The World Together blog
Then Jesus was led up by the Spirit into the wilderness to be tempted by the devil. He fasted 40 days and 40 nights, and afterwards he was famished. The tempter came and said to him, “If you are the Son of God, command these stones to become loaves of bread.” But he answered, “It is written, ‘One does not live by bread alone, but by every word that comes from the mouth of God.’ ” Then the devil took him to the holy city and placed him on the pinnacle of the temple, saying to him, “If you are the Son of God, throw yourself down; for it is written, ‘He will command his angels concerning you,’ and ‘On their hands they will bear you up, so that you will not dash your foot against a stone.’” Jesus said to him, “Again it is written, ‘Do not put the Lord your God to the test.’” Again, the devil took him to a very high mountain and showed him all the kingdoms of the world and their splendor; and he said to him, “All these I will give you, if you will fall down and worship me.” Jesus said to him, “Away with you, Satan! for it is written, ‘Worship the Lord your God, and serve only him.’” Then the devil left him, and suddenly angels came and waited on him. — Matt. 4:1-11
We went to see The Lego Movie at the drive-in a few weeks ago. Popcorn, Reese’s Pieces, beanbags and blankets in the back of the car — it was a sublime evening.
This past weekend, we were privileged to have Cheryl Bear from the Nadleh Whut’en First Nation community in northern British Columbia as a special guest here in Lethbridge at both our Mennonite Church Alberta Annual Assembly on Friday and Saturday, and at our morning worship service on Sunday. The timing of the event was significant here in Alberta, as the Truth and Reconciliation’s final national event will be taking place in Edmonton this week (Mar 27-30). Cheryl is gifted musician and storyteller, and it was delightful to both hear from and get to know her over these short few days.
Newsflash: Parenting is not easy. This news comes as a surprise to no one who has participated in the hard work of raising children. I’ve said it before and I’ll probably keep saying it: no one could have described to me just how much my life would change post-child. Sometimes I think back on myself during pregnancy — blissfully snapping “belfies” (belly selfies), sorting clothes, prepping a nursery, and writing out a birth plan — and utterly unaware of how my life was going to flip upside down.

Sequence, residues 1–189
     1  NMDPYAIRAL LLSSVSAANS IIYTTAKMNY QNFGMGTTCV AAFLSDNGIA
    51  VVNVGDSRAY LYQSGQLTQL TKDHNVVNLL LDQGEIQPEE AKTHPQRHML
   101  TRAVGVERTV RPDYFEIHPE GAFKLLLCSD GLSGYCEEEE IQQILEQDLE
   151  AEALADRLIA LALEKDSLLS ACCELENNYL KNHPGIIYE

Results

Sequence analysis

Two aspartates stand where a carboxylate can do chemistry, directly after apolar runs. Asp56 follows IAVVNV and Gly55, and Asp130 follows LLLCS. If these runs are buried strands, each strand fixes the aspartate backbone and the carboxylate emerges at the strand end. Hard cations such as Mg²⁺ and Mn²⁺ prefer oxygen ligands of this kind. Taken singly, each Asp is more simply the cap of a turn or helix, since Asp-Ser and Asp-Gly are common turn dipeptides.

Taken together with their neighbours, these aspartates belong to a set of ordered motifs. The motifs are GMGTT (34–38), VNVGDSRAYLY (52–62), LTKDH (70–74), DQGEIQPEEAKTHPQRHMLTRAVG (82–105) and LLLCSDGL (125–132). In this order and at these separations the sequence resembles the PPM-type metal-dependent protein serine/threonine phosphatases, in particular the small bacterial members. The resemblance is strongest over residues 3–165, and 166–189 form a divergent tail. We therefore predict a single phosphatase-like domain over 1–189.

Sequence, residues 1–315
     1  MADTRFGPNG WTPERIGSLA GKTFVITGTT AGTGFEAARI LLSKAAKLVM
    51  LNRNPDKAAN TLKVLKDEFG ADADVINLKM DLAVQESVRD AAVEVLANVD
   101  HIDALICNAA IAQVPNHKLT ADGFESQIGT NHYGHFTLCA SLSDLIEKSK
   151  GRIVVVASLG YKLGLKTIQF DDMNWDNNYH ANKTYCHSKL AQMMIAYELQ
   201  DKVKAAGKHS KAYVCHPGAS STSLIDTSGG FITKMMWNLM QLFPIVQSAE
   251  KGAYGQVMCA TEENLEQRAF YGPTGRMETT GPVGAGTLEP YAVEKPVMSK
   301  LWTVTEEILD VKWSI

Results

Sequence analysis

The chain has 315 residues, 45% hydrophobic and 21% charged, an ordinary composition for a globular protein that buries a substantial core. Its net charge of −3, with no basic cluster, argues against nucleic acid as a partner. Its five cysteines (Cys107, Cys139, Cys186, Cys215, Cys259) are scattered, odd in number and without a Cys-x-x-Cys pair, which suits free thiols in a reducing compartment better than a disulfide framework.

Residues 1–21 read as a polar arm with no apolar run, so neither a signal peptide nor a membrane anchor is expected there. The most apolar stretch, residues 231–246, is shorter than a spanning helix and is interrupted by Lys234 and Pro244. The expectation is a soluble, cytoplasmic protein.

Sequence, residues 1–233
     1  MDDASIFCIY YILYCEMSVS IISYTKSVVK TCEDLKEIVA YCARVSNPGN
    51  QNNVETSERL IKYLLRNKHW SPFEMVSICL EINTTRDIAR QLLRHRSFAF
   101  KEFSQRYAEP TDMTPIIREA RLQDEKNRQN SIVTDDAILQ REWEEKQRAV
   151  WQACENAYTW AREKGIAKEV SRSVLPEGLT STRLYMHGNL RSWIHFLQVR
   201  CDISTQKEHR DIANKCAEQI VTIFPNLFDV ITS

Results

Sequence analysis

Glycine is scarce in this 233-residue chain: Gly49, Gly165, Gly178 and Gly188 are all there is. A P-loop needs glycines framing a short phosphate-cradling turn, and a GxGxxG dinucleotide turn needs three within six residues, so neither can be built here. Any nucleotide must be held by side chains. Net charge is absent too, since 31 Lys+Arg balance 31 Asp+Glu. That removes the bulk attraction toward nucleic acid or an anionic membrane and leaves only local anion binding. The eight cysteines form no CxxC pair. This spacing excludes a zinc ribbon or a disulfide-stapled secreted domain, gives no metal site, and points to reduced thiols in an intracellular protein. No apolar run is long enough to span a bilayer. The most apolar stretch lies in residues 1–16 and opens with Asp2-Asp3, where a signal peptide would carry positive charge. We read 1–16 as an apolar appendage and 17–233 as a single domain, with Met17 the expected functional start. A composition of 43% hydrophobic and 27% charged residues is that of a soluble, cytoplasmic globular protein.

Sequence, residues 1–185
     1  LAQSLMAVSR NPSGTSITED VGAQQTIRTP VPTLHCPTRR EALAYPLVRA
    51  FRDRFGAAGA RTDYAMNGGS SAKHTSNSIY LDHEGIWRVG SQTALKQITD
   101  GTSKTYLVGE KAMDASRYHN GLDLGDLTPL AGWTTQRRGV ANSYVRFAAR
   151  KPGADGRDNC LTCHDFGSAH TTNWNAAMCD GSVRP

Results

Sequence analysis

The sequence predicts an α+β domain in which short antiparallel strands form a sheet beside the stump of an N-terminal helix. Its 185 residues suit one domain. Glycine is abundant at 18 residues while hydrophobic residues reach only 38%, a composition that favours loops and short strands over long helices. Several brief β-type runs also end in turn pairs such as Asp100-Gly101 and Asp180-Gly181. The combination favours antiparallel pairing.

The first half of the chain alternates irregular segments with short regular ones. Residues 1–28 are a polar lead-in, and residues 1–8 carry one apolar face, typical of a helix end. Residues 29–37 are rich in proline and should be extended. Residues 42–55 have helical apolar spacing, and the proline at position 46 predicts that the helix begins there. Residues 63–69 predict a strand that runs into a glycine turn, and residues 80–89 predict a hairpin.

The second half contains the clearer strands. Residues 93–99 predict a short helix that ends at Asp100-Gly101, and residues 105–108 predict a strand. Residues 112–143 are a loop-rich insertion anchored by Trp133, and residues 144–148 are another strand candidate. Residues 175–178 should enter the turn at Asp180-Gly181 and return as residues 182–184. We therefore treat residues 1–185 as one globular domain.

Mennonite Church USA finally seems near a tipping point on issues of human sexuality. The path, however long and tortuous, seems to be leading to elevating the gospel message of loving relationship over the ancient purity codes around human sexual preference and practices. Recalling the early church’s angst over circumcision, I find it interesting that two millennia down the road, the hottest topic in the church still revolves around what happens with men’s sexual organs. At least today women’s are on the table, as well. We can be grateful for small steps.
Jesus once told a parable about a rich farmer who “yielded an abundant harvest” (Luke 12:16). His crop was so plentiful he didn’t have enough space to store it. After thinking about the matter, the farmer decided he’d simply tear down his barns and build bigger ones to store his surplus food. He could then “[t]ake life easy; eat, drink, and be merry” (16-19). In other words, with his stored-up wealth he could retire and live “the good life.”
My career as an unofficial evangelist began in my first year of university.
A reflection on Gen. 3:1-7
I have been working with youth and young adults for well over two decades now. During this time I have also become a parent of two young adult boys (men). I say this because I am not innocent of the issues I want to raise.
A year ago — March 13, 2013 — Pope Francis officially became pope. Since then he has fascinated the world.